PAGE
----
Role Modeling

On May 27th, 2011, posted in: Peaceable Classrooms, Peaceable Healing, Peaceable Living by

The parent geese and their goslings are enjoying a sim in the fire pond near my home.

One of my favorite rituals of spring is spotting a pair of Canada geese who nest on the side of a fire pond near my home.  Every year the pair returns to raise a new brood of goslings.  For me, it has become a welcome rite of spring to pass by and see them swimming in the pond or waddling in the tall grass munching on the tender blades.  I look forward to it and wonder how many years this particular pair has been springing here.

As I watch them, I notice how the little ones follow and copy what their parents are doing.  Their parents are modeling for them how to live in thier world.  So, too, do human parents model for their offspring.  That’s how children learn their roles in life.  But modeling does more than that.  Modeling can go beyond teaching gender roles.  It can provide your children with useful ways to deal with life’s challenges and with thier emotions.  It can help them maintain their sense of connection to something bigger than themselves as well.  It can be a gift you give to your children.

Assisting your children in learning how to transform their emotions is a wonderful gift.  For example, when you get upset, you might say in your child’s presence, ” I am really upset right now.  I think I better take a few deep breaths to calm myself.”  Or when you are exhausted and need a break, you might say, “I’m going to listen to some soft, quieting music before I start making dinner.  I need to relax a bit first.”  By expressing your state-of-being, you are modeling for your children when and what one can do to transform his/her feelings or physical state.  Hearing your explanations and watching your actions begins to register with them.  You can then suggest such practices to your children when you see that they are in need of quieting their mind/body/emotions.  Eventually, as they mature, your modeling of relxation and rejuvenation techniques will become integrated into thier beingness ready to be called up when needed.  They will be able to enjoly life more fully, interact with others more positively, and more easily reach their potential.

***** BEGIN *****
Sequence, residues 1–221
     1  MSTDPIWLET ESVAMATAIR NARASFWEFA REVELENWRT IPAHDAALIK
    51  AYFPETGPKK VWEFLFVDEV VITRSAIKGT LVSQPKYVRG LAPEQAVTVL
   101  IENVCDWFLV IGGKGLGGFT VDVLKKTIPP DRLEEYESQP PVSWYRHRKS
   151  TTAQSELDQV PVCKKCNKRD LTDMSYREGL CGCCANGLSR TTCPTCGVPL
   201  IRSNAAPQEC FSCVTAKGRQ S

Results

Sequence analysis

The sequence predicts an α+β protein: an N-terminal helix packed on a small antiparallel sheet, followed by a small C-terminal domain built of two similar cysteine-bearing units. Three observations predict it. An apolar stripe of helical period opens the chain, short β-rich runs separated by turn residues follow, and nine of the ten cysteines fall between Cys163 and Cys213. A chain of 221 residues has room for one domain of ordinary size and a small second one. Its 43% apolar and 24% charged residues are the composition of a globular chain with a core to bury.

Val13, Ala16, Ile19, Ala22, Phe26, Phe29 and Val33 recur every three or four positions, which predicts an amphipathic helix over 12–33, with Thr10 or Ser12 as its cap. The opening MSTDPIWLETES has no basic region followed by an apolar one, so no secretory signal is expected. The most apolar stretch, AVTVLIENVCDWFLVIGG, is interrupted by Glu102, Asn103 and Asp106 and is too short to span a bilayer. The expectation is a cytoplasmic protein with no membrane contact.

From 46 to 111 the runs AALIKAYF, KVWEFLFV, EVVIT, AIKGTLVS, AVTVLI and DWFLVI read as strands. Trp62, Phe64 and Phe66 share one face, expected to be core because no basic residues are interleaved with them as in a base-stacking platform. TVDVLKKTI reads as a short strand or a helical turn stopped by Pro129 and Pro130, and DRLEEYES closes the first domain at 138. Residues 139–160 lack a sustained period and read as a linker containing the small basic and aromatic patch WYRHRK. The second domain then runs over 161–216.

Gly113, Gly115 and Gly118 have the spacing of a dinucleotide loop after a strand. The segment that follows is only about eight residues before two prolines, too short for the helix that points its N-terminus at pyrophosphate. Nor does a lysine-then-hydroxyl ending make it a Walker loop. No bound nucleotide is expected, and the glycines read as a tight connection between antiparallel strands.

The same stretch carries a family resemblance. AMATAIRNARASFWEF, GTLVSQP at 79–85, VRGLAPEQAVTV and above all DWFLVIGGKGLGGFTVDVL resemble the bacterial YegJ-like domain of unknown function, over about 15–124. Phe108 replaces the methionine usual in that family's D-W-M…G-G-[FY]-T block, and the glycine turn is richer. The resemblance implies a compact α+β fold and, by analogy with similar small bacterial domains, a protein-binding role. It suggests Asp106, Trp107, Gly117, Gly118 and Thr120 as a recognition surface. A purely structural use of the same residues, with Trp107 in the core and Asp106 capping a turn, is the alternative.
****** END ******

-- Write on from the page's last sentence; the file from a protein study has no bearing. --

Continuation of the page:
As parents, we are our childrens’ first teachers but not the only ones.  All adults who are charged with the care of children have the opportunity to be helpful role models in a child’s development into becoming an  independent, compassionate, caring, and self-sufficient adult.  When you help a child learn how to live in a relaxed and heart-centered way, you are helping the future of humanity.  What could be better!

Wishing you well,


Breathing techniques and music selections to help you relax or rejuvenate can be found in my book Creating the Peaceable Classroom.

Hobblebush Books






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